T he play-offs just keep on giving. For excitement, drama, tension, controversy, great football and horrendous blunders, the game between Hibernian and Falkirk on Tuesday night has had few equals in a less than vintage season. And this being the play-offs it’s only half-time.
If Hibs somehow come through the tortuous process, achieve all they want from it and then plonk a ginormous cherry on top in the shape of the Scottish Cup, then their players will need a long holiday while their fans will require extensive therapy.
You cannot really expect the play-offs to give you a straightforward match, one you can manage comfortably before the bigger challenge ahead. Well, maybe you can if you’re Ayr United, 4-1 winners away at Peterhead, who were then able to stroll through the second leg. But Hibs have had it tough, and continue to make it even tougher for themselves. They didn’t return from Raith Rovers with the result they wanted and so had to roar into the return and were pushed all the way. Two-one up against Falkirk having been behind, they would probably have settled for that scoreline, but Conrad Logan’s horrible mistake allowed Bob McHugh to increase his claim on the title of Scotland’s “supersub”.
So these Hibs and Falkirk players continue to be stuck in the same lift, with neither team prepared to give an inch or let the other steal their oxygen, until the engineer arrives to force open the doors and the eventual winners are able to step over the losers and get ready to face Kilmarnock for the right to top-floor access in the SPFL.
Of course Hibs should have had the chance to make it 3-1, but for Alan Muir’s astonishing brain-lapse in not awarding them a penalty – a definite contender for the most controversial refereeing decision of 2015-16. Post-match, there was a school of thought that David McCracken didn’t know the whereabouts of the ball when he pushed his hand down on it, so we all had another look. No, he seemed to be staring straight at the ball, which at that point was in danger of rolling towards John McGinn. The defender stopped it doing this then – equally unwittingly, we are led to believe – positioned it perfectly for a gigantic hoof to safety.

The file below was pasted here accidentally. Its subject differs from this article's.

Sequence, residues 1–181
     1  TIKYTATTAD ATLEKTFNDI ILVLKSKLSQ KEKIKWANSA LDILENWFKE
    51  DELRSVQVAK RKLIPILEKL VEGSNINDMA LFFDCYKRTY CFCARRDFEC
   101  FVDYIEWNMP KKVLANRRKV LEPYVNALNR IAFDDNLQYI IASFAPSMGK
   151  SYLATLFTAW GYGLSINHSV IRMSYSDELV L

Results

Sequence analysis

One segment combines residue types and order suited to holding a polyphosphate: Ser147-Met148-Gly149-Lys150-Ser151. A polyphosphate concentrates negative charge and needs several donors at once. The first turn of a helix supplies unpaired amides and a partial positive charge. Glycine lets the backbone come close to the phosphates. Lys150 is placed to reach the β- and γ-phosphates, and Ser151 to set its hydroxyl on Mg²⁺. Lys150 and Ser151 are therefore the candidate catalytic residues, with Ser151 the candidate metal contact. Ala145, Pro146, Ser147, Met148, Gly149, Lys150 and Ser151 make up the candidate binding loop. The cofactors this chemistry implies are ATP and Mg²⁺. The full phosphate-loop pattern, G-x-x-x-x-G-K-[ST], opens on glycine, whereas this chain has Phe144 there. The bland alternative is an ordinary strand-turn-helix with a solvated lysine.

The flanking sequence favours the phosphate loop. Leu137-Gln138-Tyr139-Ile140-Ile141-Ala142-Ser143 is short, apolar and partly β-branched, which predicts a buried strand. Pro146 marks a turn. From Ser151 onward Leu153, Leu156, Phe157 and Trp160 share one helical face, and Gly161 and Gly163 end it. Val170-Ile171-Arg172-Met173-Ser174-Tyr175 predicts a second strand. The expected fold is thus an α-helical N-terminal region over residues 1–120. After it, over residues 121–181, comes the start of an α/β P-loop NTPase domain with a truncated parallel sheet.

Tomorrow night’s conclusion to Hibees-Bairns hostilities – for this season at least – was promising to be a loaded affair even if the first leg had somehow passed off peacefully and joyfully, like the first picnic of early summer. But that was never going to happen, was it?
Thus a rivalry with a history of many disputed penalties and non-penalties and red cards, of perceived slights, offence-causing celebrations and boasts over who’s got the smallest budget, is ratcheted up some more and we get ready to go again. We’re all amateur psychologists and we’re fascinated by what’s going to happen next. Can Hibs, who haven’t lost to Falkirk this campaign, finally shake them off? Can Falkirk finally beat the Leith team, having been ahead in three of the matches but not looking like they believed they would emerge victorious, even when going one-nil up against ten men with six minutes remaining?
Ah, but do Hibs believe they can prevail, having led in the two most recent encounters only to be caught near the end? As they sat in their ice baths after the 53rd game of this marathon season, the players must console themselves with these facts: they finished the match in a better position than at half-time; they played some buccaneering football in the second period to give lie to the theory they might be tired or nervous or both; Westfield probably won’t quite manage a “Welcome to hell” fanfare. It looks like being a sell-out, though, and a plucky and proud club with, yes, fewer resources will believe they can win on their plastic pitch. Every time they sling over a cross they threaten Hibs.
Falkirk were themselves vulnerable to balls into the box on Tuesday night. Perhaps these teams have played each other so often they’re starting to morph into each other. In further role-reversal and because the tie’s all square, might Hibs invite Falkirk to attack and try to catch them on the break?
Another question: who’s in goal for Hibs? Should the demoted Mark Oxley be recalled after Logan’s howler? Then if the game goes to extra-time and penalties as many predict, Alan Stubbs could summon the Irishman who was a spot-kick hero in the Scottish Cup. This would have echoes of Louis van Gaal and Holland in the last World Cup, a substitution which spooked Costa Rica who promptly lost the shoot-out. But that would suggest Hibs vs Falkirk needs help from elsewhere to make it gripping, and it doesn’t.